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West Virginians Stick Together During Crisis

By Staff | Jun 29, 2016

Photos Provided Members of Paden City Volunteer Fire Company, the Paden City Ladies Auxiliary, and other community volunteers came together at the Paden City Fire Department on Saturday, Sunday, Monday, and Tuesday to collect donations for flood relief in southern West Virginia. Altogether they sent more than two trucks and a 10-foot trailer packed with donations. The Paden City Christian Church is taking donations of good clothing and water, most of which will be delivered to the southern end of the state on July 7. Pictured, left to right: John Koerber, Rodney Cline, Brenda Cline, Jana Turner, Barb Racer and Cheri Johnson.



SISTERSVILLE – Governor Earl Tomblin’s office said at least 20 lives have been lost across the state as a result of flooding, and three more people are missing and presumed dead.

More than 400 people remain in shelters and initial estimates indicate that more than 1,000 homes could be destroyed or damaged beyond repair.

The City of Sistersville, Sistersville General Hospital, and the Sistersville Junior Athletic Association will be accepting donations to assist the flood victims in Clay, Nicholas, and Greenbrier Counties.

Army Sgt. Brian Loudenburg (top) and Spc. Thomas Ochoa of the 1257th Transportation Company, Point Pleasant, W.Va. load water to be taken to areas affected by the West Virginia flood, June 27, 2016, at the Joint Base West Virginia National Guard Alternate Supply Location Operations facility, Dunbar, W.Va.

Monetary donations will also be accepted as well as gift cards or prepaid major credit cards.

Donations can be dropped off between 8 a.m. and 4 p.m. at the Sistersville City Building on Diamond Street and/or Sistersville General Hospital on South Wells street until July 6.

“The flooding is very tragic for the people that were affected,” Sistersville Mayor Bill Rice said. “But I believe something good can come out of it if we show them out there that there are people that care.

can’t imagine the pain that they are feeling right now. We started receiving donations today. When something like this happens, it shows you that there is still good out there in our community.”

Sistersville City Councilman Alex King explained the reason why West Virginians come together during times of adversity.

“Many of our small towns and communities have a lot in common, and we share an unspoken connection and love for that way of life,” he said. “We know what we do for each other in Tyler County, and West Virginia is an extension of those neighborly values. If things were the other way around, they’d do the same for us.”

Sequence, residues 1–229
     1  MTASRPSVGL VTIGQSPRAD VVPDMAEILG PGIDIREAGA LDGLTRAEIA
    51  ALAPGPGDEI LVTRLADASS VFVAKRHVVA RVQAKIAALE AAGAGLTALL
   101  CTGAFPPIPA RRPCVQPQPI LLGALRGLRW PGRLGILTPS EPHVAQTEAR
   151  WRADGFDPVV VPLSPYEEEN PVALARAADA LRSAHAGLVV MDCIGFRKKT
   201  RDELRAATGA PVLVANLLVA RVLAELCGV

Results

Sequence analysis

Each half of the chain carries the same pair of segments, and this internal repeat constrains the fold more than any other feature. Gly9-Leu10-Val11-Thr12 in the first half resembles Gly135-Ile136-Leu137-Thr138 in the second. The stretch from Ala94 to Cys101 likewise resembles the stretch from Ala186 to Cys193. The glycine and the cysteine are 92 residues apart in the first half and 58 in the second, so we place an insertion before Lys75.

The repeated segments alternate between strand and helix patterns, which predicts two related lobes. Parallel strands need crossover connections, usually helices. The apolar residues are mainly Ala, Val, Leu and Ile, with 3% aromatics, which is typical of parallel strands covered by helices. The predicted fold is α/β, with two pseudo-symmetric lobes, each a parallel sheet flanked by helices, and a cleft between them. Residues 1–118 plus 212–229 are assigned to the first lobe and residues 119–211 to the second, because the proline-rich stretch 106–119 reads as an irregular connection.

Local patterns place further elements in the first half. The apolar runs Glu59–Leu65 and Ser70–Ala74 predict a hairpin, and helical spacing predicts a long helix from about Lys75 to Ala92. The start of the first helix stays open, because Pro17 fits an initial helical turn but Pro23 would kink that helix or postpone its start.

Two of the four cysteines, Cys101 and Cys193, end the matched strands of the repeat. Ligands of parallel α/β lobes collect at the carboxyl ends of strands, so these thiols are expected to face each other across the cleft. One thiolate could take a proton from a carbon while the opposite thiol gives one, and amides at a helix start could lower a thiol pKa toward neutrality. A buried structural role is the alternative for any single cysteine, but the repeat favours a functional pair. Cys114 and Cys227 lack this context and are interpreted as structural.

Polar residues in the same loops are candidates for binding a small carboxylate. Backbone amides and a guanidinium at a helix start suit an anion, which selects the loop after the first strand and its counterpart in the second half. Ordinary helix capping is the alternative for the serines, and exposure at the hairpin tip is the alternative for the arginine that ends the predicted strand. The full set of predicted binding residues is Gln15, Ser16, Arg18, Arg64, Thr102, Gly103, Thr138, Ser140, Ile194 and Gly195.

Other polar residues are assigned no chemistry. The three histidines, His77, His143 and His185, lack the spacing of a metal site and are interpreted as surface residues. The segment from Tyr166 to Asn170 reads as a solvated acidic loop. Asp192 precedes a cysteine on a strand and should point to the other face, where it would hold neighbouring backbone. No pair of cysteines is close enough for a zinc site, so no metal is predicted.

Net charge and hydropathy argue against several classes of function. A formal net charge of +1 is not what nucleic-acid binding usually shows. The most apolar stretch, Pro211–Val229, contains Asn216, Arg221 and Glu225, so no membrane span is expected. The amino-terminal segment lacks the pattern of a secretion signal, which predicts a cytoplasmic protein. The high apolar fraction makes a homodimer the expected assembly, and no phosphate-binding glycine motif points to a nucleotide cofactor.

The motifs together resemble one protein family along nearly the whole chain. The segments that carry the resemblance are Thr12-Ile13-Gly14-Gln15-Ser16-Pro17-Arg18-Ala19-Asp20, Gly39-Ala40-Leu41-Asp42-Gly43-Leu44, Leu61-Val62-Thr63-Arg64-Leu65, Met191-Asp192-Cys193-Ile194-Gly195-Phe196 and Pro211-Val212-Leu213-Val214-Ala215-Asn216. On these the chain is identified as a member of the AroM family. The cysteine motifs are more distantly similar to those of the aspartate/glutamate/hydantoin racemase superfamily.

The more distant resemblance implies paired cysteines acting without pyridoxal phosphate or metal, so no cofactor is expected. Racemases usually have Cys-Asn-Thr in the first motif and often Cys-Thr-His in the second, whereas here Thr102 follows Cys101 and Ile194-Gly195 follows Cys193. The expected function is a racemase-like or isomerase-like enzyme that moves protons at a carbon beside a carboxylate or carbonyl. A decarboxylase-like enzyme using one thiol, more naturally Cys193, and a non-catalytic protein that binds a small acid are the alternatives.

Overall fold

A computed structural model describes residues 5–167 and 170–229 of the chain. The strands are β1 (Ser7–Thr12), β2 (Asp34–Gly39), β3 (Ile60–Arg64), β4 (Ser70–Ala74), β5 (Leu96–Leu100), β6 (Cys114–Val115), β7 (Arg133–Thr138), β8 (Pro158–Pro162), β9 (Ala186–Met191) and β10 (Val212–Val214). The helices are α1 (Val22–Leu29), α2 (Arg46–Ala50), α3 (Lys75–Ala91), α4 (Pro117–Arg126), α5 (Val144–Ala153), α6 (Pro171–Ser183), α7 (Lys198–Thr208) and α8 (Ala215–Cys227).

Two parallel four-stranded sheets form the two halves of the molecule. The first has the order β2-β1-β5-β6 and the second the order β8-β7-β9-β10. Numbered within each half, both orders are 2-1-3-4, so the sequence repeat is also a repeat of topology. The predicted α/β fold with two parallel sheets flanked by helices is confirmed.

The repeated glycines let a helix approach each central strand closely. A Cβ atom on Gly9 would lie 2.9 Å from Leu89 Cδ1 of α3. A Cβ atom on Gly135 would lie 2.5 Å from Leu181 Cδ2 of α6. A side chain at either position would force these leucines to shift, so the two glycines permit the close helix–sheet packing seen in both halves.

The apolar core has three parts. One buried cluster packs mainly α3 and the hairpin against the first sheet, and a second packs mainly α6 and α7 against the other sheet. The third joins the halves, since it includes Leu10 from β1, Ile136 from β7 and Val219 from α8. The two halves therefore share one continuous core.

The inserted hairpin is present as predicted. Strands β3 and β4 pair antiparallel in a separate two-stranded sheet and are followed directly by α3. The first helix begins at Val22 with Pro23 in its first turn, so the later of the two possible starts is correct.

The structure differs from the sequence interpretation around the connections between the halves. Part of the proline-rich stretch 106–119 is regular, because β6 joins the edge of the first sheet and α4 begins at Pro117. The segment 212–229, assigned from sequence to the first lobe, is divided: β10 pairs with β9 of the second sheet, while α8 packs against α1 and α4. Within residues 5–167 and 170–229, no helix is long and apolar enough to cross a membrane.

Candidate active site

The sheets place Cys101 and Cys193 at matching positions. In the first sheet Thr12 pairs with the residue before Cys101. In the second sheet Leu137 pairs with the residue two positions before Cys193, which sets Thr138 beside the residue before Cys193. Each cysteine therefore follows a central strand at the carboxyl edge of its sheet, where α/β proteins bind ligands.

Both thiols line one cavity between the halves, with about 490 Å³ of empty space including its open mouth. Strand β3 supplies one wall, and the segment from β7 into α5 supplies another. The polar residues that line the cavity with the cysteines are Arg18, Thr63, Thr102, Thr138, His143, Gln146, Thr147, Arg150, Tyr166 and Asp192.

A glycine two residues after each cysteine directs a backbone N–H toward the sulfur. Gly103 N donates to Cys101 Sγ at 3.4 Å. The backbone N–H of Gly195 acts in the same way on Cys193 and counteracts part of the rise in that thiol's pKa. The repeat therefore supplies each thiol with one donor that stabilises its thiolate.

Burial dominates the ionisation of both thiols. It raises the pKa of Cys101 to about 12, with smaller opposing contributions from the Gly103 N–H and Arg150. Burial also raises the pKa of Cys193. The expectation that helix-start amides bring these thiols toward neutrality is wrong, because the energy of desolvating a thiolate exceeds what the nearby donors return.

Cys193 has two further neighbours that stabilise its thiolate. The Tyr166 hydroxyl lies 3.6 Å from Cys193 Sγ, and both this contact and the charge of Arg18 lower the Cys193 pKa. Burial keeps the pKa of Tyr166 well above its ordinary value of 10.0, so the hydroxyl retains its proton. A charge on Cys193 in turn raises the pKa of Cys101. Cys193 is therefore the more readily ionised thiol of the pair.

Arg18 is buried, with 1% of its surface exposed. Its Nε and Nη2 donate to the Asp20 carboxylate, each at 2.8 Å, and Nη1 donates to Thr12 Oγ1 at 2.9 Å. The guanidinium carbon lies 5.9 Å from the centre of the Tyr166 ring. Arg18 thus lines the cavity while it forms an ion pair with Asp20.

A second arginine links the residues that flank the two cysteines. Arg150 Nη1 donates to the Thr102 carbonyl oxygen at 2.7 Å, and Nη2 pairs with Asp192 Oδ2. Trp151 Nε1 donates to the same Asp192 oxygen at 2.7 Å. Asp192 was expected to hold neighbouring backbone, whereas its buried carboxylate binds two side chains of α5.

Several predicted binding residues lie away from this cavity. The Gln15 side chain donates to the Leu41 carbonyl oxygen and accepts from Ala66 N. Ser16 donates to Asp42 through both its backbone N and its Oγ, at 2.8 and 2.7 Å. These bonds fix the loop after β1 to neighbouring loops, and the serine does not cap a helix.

John May, chief executive officer at Sistersville General Hospital, added, “SGH is proud to support the flood relief efforts for our neighbors to the south. We believe in our state’s heritage of helping our neighbors in need.”

Paden City is also accepting donations that will be sent to affected areas.

Tyler County Emergency Management Director Tom Cooper said he has been notified that the state’s Department of Homeland Security, WV Voluntary Organizations Active in Disaster in coordination with Volunteer WV have acquired access to a warehouse to accept and manage donations.

As to Tyler County, Cooper said, there have been two truck loads and a trailer load of cleaning supplies, water and food delivered into affected areas.

Cooper said the most needed item is money which can be used to purchased exactly what is needed such as medicine, eye glasses, hearing aids, special foods, etc.. There is a secure and dependable way to handle the donation of money.

Go to wvvoad.communityos.org/cms/home for an opportunity to properly donate to a specific cause.

Many people have inquired as to how to volunteer. Cooper advises folks not just show up unless the receiving agency is aware and prepared to utilize their services. He recommends seeking out to www.volunteerwv.org so as to register. This is the group that is heading up the volunteer response.

People who need cleanup assistance, are available to volunteer or want to donate should visit wvvoad.communityos.org/cms/ or connect with an agency in their local community. Individuals and businesses in counties that have been declared federal disaster areas should visit www.disasterassistance.gov or call 1-800-621-FEMA (3362).

Cooper said it is important that the counties not only needed what may be provided, but that authorities knew the supplies were coming. He advises people not just drop off supplies anywhere without previous approval. Cooper said he has heard of no one asking for clothing. He asks people not to drop off “yard sale” stuff unless someone asks for it because there are usually not enough resources at the reception centers to do anything with clothes. In past disasters they have had to pay for dumpsters to come and haul it away! However, Cooper said, if anyone is aware of a specific need for clothing, “please act upon it!”

Among recommended items that authorities are seeking for people in need:

Water (gallons and bottled)

Bug Spray


Empty gas cans

Baby food and formula


Pet Food

Cleaning supplies (jugs of bleach, window cleaner, paper towels, etc.)




Trash bags

As to Sistersville – donations, questions and more may be addressed to:

Sistersville City Building

200 Diamond Street

Sistersville, WV 26175


Sistersville General Hospital

311 South Wells Street

Sistersville, WV 26175